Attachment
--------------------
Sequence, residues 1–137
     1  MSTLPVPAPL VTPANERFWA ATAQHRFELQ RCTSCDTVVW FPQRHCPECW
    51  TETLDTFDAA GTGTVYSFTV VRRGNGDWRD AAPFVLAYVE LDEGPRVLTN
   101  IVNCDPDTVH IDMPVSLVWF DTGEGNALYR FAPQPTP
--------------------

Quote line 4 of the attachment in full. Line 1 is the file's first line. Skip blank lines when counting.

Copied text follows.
   101  IVNCDPDTVH IDMPVSLVWF DTGEGNALYR FAPQPTP